Takashi Yamazaki's Space Battleship Yamato takes place in the year is 2199 where the human race would seem to be on its last legs as an alien race called the Gamilas has, for the last five years, laid a radioactive siege against the planet Earth. With most of the Earth's human population now living underground, things look dire but Susumu Kodai (Takuya Kimura), a former pilot, finds a strange capsule sent from the benevolent inhabitants of the distant planet Iskandar. Through this, he learns that the radiation levels can be reduced to the point where things can be safe again. Before you know it, an older bearded man named Captain Jyuzo Okita (Tsutomu Yamazaki) and his ship have shown up to rescue Kodai, who accuses the Captain of letting his brother, an Earth Defense Force pilot named Mamoru Kodai (Shin'ichi Tsutsumi), die in an altercation that took place on Mars.
Though tension remains between Okita and Susumu, soon Susumu, a former pilot himself, has re-enlisted to help Okita get to Iskander. It seems, according to what they've found in the capsule, that if they can rebuild and properly arm the aging battleship Yamato that they might just stand a fighting chance against the Gamilas. When they fend off an attack and arm the ship with the Wave Motion Cannon, Susumu and another pilot named Yuki Mori (Meisa Kuroki) will not only fight together but fall in love as the fate of the planet Earth winds up in their hands.
Based on the seventies anime series (known as Star Blazers in North America), Space Battleship Yamato, this revamped live action take on the material would seem to be influenced as much by Battlestar Galactica and the J.J. Abrams Star Trek movie that did huge box office the year before as anything else, but that doesn't mean this isn't a whole lot of fun. Purists and devotees of the original series may take issue with some of the changes and updates that have been put into place here but judged on its own merits this is fine entertainment (and for better or worse, you never get the impression that Yamazaki and company are aiming for much more than that). The emphasis here is on action first and foremost and character development does take a bit of a back seat in that regard but we learn enough about our principal players to like who we're supposed to like.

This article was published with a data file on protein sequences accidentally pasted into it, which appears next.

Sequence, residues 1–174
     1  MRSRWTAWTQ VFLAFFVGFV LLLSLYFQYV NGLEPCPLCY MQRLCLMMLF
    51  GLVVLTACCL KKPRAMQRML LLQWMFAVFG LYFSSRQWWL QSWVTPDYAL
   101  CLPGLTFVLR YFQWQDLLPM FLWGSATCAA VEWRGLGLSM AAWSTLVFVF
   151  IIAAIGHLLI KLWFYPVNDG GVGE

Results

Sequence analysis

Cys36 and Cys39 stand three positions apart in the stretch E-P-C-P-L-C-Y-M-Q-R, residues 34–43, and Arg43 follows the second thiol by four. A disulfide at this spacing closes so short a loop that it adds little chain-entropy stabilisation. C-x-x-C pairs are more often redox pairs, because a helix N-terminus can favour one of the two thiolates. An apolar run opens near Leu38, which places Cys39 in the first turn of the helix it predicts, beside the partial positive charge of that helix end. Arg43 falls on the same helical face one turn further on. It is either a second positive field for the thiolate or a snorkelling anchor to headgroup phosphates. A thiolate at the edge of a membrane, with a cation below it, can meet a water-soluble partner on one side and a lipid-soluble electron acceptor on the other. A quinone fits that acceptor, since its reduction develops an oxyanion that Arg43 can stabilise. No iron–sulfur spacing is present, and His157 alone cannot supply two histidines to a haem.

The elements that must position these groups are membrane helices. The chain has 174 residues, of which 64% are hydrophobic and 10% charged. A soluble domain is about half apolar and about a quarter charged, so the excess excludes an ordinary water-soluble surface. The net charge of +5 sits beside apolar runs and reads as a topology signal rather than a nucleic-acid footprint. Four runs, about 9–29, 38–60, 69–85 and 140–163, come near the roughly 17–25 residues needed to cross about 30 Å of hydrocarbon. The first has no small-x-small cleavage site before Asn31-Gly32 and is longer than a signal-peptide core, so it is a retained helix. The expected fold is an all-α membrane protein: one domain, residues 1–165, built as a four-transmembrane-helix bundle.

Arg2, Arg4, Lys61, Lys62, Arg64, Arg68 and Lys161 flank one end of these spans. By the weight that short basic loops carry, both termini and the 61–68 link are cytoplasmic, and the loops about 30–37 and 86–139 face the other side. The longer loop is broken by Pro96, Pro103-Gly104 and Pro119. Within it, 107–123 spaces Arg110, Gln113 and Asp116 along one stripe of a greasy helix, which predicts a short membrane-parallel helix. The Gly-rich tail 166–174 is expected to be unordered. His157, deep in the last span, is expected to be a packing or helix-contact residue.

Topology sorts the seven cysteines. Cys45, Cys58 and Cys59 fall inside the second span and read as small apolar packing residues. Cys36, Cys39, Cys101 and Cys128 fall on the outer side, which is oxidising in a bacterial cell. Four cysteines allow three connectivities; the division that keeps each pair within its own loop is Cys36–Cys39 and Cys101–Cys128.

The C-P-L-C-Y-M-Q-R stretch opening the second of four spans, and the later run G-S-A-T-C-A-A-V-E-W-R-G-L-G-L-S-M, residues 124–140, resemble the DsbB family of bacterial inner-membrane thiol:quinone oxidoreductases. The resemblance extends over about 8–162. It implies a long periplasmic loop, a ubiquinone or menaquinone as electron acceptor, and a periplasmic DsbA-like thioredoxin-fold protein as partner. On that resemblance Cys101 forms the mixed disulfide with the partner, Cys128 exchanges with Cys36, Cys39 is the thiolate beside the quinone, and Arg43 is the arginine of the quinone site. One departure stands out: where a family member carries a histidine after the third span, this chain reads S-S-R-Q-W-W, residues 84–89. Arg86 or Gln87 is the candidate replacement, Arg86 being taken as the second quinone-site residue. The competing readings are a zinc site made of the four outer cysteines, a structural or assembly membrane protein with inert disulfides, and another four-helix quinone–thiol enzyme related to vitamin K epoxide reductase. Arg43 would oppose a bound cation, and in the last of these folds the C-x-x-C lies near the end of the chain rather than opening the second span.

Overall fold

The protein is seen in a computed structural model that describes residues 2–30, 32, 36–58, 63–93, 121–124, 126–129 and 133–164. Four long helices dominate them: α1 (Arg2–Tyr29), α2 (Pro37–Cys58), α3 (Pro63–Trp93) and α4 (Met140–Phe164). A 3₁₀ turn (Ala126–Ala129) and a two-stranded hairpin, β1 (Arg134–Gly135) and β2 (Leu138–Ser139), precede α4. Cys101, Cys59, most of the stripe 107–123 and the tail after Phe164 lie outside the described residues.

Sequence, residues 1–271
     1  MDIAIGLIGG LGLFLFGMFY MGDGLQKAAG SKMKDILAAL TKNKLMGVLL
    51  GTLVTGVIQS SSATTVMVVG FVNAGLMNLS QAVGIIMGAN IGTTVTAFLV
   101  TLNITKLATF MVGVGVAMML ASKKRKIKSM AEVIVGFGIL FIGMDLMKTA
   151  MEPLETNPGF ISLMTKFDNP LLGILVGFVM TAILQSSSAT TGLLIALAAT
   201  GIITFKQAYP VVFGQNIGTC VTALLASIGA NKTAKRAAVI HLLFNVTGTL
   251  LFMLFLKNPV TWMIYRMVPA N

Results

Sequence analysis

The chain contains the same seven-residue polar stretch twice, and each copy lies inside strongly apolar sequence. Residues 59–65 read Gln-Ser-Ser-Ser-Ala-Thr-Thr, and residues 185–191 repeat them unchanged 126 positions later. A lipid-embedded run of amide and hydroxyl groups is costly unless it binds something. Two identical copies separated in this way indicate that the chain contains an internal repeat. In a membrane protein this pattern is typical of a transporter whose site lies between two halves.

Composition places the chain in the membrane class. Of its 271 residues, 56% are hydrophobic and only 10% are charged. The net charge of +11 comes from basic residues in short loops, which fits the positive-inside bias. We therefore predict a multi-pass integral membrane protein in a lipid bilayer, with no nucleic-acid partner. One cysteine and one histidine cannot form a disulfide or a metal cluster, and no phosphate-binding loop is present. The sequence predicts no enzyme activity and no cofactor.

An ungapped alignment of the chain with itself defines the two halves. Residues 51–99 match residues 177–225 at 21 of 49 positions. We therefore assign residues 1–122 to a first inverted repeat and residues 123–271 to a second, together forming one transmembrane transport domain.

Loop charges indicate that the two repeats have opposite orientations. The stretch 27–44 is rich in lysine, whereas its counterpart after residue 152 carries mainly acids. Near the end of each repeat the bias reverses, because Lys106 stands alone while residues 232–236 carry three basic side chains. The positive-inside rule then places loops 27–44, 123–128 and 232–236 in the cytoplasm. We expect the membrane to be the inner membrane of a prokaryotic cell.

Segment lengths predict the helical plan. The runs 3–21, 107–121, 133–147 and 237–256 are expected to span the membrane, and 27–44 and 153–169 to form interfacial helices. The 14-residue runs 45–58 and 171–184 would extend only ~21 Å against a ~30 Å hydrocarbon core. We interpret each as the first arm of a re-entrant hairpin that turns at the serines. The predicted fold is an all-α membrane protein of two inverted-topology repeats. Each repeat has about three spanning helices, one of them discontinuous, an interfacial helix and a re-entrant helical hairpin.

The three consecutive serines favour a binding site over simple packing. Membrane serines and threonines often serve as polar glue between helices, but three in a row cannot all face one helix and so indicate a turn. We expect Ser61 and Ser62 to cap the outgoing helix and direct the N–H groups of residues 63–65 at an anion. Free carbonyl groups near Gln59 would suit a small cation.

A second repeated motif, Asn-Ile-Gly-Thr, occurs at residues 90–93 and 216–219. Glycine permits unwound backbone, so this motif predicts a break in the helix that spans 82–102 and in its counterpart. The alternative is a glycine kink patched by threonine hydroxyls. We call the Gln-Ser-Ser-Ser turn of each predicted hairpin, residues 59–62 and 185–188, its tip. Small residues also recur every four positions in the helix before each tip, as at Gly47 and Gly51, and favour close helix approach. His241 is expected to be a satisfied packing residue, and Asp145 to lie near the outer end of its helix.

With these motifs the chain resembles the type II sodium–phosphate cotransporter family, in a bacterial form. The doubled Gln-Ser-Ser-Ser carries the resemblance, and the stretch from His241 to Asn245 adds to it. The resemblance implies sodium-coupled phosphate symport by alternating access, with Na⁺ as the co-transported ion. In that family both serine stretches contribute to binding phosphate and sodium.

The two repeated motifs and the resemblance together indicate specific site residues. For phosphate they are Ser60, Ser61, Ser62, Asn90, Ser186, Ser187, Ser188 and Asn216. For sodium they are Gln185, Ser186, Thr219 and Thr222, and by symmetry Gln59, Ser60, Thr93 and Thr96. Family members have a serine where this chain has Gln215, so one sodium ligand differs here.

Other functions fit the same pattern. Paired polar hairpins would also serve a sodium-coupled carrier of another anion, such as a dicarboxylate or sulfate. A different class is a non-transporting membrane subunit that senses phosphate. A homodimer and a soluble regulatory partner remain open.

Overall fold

In terms of the performances, Takuya Kimura is decent as the male lead and he's got enough charisma to carry the more heroic aspects of his character without having to shortchange the dramatic requirements. He has good on screen chemistry with pretty female lead Meisa Kuroki who herself is quite good as the spunky ace of a fighter pilot. Tsutomu Yamazaki tends to steal some of the scenes he's in as the grizzled captain of the ship and he shares some interesting screen time with Kimura and they play off of one another's strengths quite well.
Visually the movie is appealing and while some of the updates might irk those very familiar with what came before it, it's nice to see that the costumes from the original were obviously the source of inspiration for those used here. Much of the ship and weapon design pays tribute to the anime series as well. Most of the effects are done entirely with CGI, and that's going to rattle some viewers who may have hoped for a more traditional practical effects route but they are at least done reasonably well. There are a few spots where it's obviously a computer generated effect that we're looking at but thankfully we're not pulled out of the movie constantly by this. Ultimately this isn't a particularly deep film and there are definitely some times where it plays towards cliché but all in all, it's exciting, fairly fast paced and slick looking. This was a fun watch, well worth checking out.